AP – The Six Numbers That Show If You’re Making A Profit; Or Why We Need To Be Grateful To Ken Lay
All farm firms, big or small, must manage four different and often intertwined conflicting parts. These are production, marketing, human relations and finance. It’s probably fair to say that in most farms, production is the fun part and finance is the stuff that’s left to bookkeepers. This is unfortunate because the financial part of the farm plays a larger role in firm success than ever before. This is largely due to the increasing importance of timeliness in the decision making stemming from the farm’s financial performance in an increasingly competitive environment, both domestically and overseas. It is also sad, but typical, that the essential financial numbers tend to arrive back from accountants long after the owners should have acted on them. The main reason on many farms is that accountants tend to concentrate on taxes, while owners should focus on financial management decisions, which usually require different numbers. This paper attempts to clarify the mystery of, and ignorance about, all those essential financial statements, by selecting six simple financial management numbers that are timely, that owners can follow easily and therefore improve both their farm decision making and their competitive advantage. The numbers are subjectively ranked in the authors’ views of their importance. These ranked numbers are 1. the firm’s cash and its availability. Cash pays the bills and is the fuel that drives the farm’s finances. 2. net income and how it is used. Net income, or profit, pays for new farm investment, retires principal and provides salaries to the farm’s owners. 3. earnings before interest and taxes, otherwise known as EBIT. This indicates whether the farmer should reduce debt now and therefore lower future interest payments, or invest in a depreciable asset to reduce taxes, or simply accept the number. 4. leverage, which helps in debt management, and shows how much debt the farm owes for every $1 that it owns. 5. the farm’s main cash costs. There are rarely more than five major expenditures on any farm, and these account for at least 75% of the farm’s cash costs, and therefore perhaps 60% of the farm’s total costs. 6. sales, rather than total revenue. Sales provide cash and total revenue may, and often, does not. The paper emphasizes the simplicity of firstly finding these numbers and secondly, using them as trends for decisions. It illustrates the types of decisions in each of the six categories and shows their importance in subsequent firm management.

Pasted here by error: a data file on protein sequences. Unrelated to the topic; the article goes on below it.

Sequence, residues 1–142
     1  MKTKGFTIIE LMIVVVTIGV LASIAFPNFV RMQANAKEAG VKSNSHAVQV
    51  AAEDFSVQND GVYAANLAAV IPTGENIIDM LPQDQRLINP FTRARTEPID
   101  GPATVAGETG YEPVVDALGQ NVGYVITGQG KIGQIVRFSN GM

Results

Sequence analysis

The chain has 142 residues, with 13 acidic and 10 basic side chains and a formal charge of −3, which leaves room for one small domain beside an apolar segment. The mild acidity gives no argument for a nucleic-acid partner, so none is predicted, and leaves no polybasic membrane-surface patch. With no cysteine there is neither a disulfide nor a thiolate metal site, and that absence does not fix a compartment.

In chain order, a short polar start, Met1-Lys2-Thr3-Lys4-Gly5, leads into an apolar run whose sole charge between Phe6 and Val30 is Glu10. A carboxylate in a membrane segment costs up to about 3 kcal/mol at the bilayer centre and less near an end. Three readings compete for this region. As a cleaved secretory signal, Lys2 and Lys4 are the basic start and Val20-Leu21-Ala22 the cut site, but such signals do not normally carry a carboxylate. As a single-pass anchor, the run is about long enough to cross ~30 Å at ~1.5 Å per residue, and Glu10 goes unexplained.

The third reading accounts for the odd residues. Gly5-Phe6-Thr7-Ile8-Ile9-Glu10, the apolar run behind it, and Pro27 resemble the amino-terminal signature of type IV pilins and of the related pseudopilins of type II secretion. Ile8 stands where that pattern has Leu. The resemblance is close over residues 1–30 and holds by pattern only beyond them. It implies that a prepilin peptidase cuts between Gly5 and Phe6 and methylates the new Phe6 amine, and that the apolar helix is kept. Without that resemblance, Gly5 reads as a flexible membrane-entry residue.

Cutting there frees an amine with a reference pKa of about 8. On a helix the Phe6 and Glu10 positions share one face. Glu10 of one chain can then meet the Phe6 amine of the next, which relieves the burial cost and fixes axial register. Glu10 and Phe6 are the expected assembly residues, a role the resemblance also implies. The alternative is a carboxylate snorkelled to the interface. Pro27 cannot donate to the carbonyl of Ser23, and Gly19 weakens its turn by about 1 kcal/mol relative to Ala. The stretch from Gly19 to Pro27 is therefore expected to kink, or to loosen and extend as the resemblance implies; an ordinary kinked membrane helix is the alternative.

Keywords: Finance, decisions, timeliness, cash, profit, costs.
Organizations(s): Department in Food and Resource Economics, University of Florida